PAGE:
In the 80s, while I was in the Violets, I didn’t restrict myself to listening to one genre of music. Sure, I was into deathrock / darkwave / goff (whatever your label de choix); but I was also listening to dub reggae, industrial grunge, funk (George Clinton changed my life!), Frank Zappa, female vocalists like Billie Holiday & Peggy Lee, Portuguese fado, and Afrobeat.

3 Responses to “History Lesson: The March Violets and The Batfish Boys”

  • What a weird back-handed compliment! I’m grateful for Simon’s understanding of my role as a promoter. His memory though is somewhat clouded, The Dead or Alive gig in Bradford was cancelled, it never happened!!! There were not enough tickets sold so Pete Burns decided to pull the gig. Stories like that can really damage my reputation and the way I make my living, I wish they’d stop, but it sounds more ‘rock’n'roll’ to say that, than to say, “He gave us £50, because that’s all we were worth at the time!”. They all know where I am, I’ve never ran away or gone into hiding, all anyone needed to do was ask. If they had decided that they would let me off the hook, that’s a different matter, but I’ve never refused to pay them. I’ve seen and spoken to Simon many times over the years and this is the first time I’ve seen or heard it mentioned.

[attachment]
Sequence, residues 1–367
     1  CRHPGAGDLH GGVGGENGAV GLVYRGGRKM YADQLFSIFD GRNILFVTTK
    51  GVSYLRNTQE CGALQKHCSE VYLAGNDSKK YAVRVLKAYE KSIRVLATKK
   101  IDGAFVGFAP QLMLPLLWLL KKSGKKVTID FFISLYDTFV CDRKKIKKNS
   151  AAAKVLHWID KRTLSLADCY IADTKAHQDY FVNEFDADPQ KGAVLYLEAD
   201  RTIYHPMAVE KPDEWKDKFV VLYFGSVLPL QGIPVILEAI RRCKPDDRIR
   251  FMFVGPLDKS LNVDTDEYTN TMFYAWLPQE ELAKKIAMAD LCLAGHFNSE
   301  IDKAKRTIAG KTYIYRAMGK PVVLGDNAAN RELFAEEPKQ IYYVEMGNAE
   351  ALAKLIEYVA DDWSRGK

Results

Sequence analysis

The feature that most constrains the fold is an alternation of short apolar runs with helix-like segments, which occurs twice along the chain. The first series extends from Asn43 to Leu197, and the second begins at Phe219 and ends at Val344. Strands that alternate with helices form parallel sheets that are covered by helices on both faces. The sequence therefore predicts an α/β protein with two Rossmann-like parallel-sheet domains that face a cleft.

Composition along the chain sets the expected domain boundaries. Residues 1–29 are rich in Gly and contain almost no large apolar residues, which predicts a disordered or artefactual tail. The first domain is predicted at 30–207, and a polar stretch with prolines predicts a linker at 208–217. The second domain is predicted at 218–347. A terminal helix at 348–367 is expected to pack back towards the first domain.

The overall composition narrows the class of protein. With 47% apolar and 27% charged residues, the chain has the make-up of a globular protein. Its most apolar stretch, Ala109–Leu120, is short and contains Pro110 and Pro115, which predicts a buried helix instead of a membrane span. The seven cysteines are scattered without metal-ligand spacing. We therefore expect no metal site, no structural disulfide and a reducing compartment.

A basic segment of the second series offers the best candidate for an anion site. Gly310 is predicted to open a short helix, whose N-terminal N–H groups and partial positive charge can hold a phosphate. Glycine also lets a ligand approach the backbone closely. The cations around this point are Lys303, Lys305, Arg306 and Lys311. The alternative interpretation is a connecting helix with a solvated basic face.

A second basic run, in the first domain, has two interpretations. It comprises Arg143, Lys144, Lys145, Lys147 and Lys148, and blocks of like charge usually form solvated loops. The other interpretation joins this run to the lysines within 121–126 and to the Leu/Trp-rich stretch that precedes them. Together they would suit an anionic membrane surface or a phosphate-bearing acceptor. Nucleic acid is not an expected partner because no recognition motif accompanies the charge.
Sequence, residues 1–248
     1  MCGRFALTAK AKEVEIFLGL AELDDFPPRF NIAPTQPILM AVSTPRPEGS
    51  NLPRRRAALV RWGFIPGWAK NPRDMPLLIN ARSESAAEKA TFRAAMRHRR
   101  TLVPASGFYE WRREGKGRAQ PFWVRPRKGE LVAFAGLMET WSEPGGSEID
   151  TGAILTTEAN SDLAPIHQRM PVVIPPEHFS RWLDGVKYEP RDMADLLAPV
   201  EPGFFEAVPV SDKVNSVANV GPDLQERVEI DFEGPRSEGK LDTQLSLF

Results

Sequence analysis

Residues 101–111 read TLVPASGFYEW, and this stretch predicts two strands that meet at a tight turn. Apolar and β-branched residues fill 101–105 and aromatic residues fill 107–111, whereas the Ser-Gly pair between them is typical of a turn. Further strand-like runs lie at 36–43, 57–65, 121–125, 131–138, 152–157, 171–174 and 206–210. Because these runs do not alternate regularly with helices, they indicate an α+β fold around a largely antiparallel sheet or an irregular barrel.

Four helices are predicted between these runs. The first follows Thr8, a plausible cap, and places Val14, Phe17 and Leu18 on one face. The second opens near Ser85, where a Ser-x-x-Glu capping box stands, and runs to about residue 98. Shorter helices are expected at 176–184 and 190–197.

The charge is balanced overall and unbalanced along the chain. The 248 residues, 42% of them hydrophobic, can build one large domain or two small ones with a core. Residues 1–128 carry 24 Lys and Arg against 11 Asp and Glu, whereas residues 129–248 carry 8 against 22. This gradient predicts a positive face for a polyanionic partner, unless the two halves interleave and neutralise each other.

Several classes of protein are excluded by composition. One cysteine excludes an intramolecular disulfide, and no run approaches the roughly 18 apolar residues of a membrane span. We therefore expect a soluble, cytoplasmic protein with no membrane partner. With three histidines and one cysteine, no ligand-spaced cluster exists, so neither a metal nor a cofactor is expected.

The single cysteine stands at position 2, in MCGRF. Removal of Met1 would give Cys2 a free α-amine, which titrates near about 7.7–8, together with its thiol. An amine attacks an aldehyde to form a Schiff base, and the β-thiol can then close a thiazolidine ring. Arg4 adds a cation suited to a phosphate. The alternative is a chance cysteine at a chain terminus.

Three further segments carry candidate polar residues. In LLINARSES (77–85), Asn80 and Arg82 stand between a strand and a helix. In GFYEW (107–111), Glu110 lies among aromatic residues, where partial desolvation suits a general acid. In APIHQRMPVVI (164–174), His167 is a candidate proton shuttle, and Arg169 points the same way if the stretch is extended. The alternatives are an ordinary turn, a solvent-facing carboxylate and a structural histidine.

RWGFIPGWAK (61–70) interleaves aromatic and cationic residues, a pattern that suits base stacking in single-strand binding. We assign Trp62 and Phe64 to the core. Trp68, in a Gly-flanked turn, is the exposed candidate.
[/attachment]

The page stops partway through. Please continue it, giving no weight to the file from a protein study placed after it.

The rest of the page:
Over 33 years I’ve promoted thousands of bands and I can count the bands I didn’t pay on one hand, and there were always reasons. It’s such a cliche to say you were never paid by a promoter. Sometimes I’ve paid one member and they’ve never told the others… but I always paid. That’s why people still work with me.

    I recently heard that Andrew Eldritch told a story about me where I’d supposedly said to him or a band, “You’ll never work in this town again!”. For the record, I have never said that or anything like it to any act. I don’t have that power, I’m bright enough to realise that I can’t inhibit anyone from playing in this city or any other city, but these stories will always circulate. I suppose I should be thankful that people are still talking about me after all these years.